NOTES: Origins and Context | See Also
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Origins of this content
This article was first published on paper by Cinema Journal and then was redesigned for publication on the Internet by IJLM, in part, because Cinema Journal was not yet technically ready to move online except in the most rudimentary ways (posting the article as a pdf). The writing was developed in 2008 as I attempted to pen concise, systematic lessons from the output and experiences of LFYT 2007.
Organization, scholars, and activists work towards a democratic media, where access and distribution are open, and where all interested constituents create and receive media, through a variety of channels including: media advocacy and literacy, law and policy, and alternative media practices. This is media that are meant for personal or artistic expression, community building, political intervention, or education. YouTube at once is and is not alternative media.

"YouTube is as participatory as market research, and as democratic as public opinion polls," according to Jens Schroter.[cit]

In her work on the unpopular, Jutta Trviranus explains: "Theoretical proofs and empirical evidence show that diverse perspectives benefit groups, society and individuals. Current Web applications, by artificially emphasizing popularity, discourage this diversity."[cit]

"PageRank can be thought of as a model of user behavior. We assume there is a 'random surfer' who is given a web page at random and keeps clicking on links, never hitting back' but eventually gets bored and starts on another random page. The probability that the random surfer visits a page is its PageRank."[cit] If a video is about an obscure, radical, strange, private, or "unimportant" topic, it will sit idle and largely unseen in NicheTube.

One of my ten founding terms for this project is access. A greater number of individuals from more diverse cross-sections of society need to make, see, and understand radical or expressive media.
(This article was first published at IJLM and Cinema Journal.)

YouTube is not democratic. Its architecture supports the popular. Critical and original expression is easily lost to or censored by its busy users, who not only make YouTube's content but sift and rate it, all the while generating its business.

The word "democratic" (free and equal participation), like DIY, is often repeated in celebration of the new possibilities enabled by Web 2.0 technology. Certainly, more people than ever can access and use tools that allow for the easy production, distribution, and networking of media. Cindy enjoys this new freedom. She shoots and uploads her daughter Sissy's trip to American Girl. However, once there, Sissy's poorly shot and unedited adventure in consumerism languishes unseen except by Gramps and maybe a few hundred pals, never to equal the movement, attention, or possibilities afforded to the hottest ripped clips of other girls.

That which we already know and already like enjoys the special treatment offered to the "most viewed": videos that are easily found, and always visible, whether you search for them or not.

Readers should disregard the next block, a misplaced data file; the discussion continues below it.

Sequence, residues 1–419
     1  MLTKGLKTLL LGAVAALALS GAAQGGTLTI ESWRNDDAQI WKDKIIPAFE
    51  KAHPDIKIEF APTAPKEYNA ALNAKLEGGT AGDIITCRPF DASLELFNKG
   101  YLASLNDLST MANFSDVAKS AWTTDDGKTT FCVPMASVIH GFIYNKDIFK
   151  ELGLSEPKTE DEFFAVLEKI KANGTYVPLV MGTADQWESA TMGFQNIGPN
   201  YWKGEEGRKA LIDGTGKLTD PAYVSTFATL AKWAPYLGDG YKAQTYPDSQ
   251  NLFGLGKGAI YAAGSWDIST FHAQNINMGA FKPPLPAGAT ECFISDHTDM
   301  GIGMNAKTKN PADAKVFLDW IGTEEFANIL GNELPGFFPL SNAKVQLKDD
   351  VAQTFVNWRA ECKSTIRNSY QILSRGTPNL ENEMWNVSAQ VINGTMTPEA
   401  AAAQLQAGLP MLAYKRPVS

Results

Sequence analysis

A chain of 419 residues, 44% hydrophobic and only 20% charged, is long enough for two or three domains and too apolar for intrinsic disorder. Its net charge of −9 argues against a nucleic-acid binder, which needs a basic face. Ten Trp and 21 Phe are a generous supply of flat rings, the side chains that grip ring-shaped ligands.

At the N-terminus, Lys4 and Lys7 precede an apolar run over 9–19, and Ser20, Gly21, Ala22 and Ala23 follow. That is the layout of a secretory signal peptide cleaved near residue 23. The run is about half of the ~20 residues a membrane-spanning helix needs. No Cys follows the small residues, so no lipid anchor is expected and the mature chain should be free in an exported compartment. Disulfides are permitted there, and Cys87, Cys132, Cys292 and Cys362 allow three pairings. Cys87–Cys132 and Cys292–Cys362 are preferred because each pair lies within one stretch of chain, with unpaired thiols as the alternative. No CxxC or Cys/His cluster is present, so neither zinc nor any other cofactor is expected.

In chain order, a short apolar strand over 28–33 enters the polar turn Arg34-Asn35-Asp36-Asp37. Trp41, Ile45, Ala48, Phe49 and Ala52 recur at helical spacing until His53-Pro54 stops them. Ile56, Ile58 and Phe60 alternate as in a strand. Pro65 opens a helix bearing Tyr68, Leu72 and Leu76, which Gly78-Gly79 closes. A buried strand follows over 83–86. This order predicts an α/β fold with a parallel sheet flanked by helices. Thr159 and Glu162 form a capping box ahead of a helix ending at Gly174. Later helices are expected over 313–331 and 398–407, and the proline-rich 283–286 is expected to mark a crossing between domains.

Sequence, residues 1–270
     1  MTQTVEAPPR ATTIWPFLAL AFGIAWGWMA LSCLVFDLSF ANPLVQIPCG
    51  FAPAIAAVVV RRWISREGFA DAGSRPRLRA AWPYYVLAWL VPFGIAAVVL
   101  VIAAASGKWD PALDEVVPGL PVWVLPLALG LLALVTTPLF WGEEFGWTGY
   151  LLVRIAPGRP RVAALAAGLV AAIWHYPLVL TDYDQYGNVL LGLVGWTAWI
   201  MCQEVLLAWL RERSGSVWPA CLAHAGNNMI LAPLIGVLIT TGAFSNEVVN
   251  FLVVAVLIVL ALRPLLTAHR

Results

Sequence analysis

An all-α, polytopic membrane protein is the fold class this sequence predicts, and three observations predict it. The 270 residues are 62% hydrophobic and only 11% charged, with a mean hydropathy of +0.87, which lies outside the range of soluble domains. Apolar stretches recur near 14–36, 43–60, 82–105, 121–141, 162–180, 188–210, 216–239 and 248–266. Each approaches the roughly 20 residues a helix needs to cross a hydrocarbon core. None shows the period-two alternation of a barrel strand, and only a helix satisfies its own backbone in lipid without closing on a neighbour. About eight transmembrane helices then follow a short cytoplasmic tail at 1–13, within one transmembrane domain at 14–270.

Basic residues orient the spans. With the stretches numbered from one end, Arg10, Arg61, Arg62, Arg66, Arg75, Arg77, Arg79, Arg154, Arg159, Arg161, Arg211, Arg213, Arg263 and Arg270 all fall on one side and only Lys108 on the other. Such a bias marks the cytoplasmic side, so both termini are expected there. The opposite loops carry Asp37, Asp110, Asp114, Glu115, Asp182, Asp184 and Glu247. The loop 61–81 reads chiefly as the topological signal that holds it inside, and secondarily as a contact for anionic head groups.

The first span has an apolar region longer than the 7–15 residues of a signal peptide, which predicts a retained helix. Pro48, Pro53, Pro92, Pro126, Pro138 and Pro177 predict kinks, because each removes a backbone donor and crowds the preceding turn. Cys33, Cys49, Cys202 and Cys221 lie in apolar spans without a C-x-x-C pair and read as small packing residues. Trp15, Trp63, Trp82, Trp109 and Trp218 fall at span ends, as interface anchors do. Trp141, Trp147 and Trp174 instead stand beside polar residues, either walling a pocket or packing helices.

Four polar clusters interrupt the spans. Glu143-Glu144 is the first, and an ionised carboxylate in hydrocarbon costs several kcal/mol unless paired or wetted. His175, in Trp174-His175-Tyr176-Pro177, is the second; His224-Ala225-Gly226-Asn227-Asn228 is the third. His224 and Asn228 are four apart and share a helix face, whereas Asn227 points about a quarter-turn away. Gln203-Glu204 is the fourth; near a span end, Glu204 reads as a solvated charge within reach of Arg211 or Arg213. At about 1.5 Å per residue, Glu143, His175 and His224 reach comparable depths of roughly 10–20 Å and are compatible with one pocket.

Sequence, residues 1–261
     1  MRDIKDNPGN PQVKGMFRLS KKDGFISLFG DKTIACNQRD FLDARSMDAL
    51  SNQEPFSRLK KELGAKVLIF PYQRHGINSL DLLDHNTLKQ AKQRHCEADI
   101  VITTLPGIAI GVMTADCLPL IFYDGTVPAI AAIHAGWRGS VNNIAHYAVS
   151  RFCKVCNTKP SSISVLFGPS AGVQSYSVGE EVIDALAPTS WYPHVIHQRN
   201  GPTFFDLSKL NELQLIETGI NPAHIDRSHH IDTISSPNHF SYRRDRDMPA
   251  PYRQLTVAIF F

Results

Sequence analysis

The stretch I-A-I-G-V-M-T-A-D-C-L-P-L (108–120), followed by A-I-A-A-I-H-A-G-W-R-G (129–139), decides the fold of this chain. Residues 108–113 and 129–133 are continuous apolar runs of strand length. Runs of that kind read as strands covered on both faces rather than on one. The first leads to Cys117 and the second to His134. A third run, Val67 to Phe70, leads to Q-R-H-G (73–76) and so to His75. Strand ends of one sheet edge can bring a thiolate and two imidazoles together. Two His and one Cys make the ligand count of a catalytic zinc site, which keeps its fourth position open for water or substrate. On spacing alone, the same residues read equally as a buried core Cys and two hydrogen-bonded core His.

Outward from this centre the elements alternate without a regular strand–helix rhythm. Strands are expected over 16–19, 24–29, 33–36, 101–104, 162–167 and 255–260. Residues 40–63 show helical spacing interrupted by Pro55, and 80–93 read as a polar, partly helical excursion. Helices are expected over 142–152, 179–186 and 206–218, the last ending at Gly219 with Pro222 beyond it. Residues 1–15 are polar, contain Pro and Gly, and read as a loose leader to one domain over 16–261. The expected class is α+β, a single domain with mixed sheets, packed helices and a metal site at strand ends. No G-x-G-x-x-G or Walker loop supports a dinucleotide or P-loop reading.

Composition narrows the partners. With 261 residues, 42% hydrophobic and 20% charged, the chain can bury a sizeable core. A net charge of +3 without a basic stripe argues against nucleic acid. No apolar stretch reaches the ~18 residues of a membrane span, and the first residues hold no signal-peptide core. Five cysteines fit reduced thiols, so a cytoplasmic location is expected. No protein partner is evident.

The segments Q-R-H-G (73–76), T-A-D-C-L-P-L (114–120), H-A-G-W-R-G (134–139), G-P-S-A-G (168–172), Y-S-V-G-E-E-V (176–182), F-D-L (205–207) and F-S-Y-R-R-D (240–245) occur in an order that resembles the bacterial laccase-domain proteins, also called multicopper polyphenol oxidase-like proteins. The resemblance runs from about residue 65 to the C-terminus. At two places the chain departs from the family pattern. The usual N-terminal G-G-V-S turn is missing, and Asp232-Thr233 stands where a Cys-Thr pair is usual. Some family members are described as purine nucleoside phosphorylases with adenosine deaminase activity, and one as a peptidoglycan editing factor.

Hey, the most viewed deserve such attention! These special videos, well, they look like television, featuring the faces, formats, and feelings we're already familiar with, or at least aspiring to the ready popularity associated with these easily recognizable forms.

As is true in high school, popularity gauges something. It lets the talented, even if unoriginal and uncritical, rise to the top (think high-kicking blond-babes of the pom-squad). Interchangeable and indistinguishable, entertaining but not threatening, popular YouTube videos speak to a middle-of-the-road sensibility in and about the forms of mainstream culture and media, pushing social-underliers into the weird cliques and hidden halls of high school—what I call NicheTube—where a video immediately falls off the radar, underserved and unobserved by YouTube's systems of ranking. Yes it's great to be doing your own weird thing for your wacky friends, but any one else who might be interested will never be able to join in because they will never be able to find you given YouTube's size and poor search systems.

While we can all personally attest to whether popularity (or its reverse) worked for us in high school, I'll suggest the obvious: It is not the best or most "democratic" way to run our culture's most-visited archive of moving images. As we learned through my students' research project on race on YouTube, the most popular videos about black people reflect and reinforce the standard views of our society (about black hypersexuality, low intelligence, and gonzo violence), while only in NicheTube can you find videos that support black self-love or analysis. Meanwhile, the most wacky (or ideological) outliers are quickly flagged, flamed, tamed, and absented from YouTube's pages (my students' video mentioned above, "Blacks on YouTube Final," has been flagged for "inappropriate content," which I assume refers to the students' careful if ideological analysis and not the black booty they feature, which itself is shown all over YouTube).

The more controversial your ideas or methods, the quicker your demise. Free and easy to get on, the mob-rule system by which you get pulled off YouTube is user-initiated but corporate-ruled. Democracies maintain protections for minority positions and ours has labor laws, too, that compensate workers for hours worked.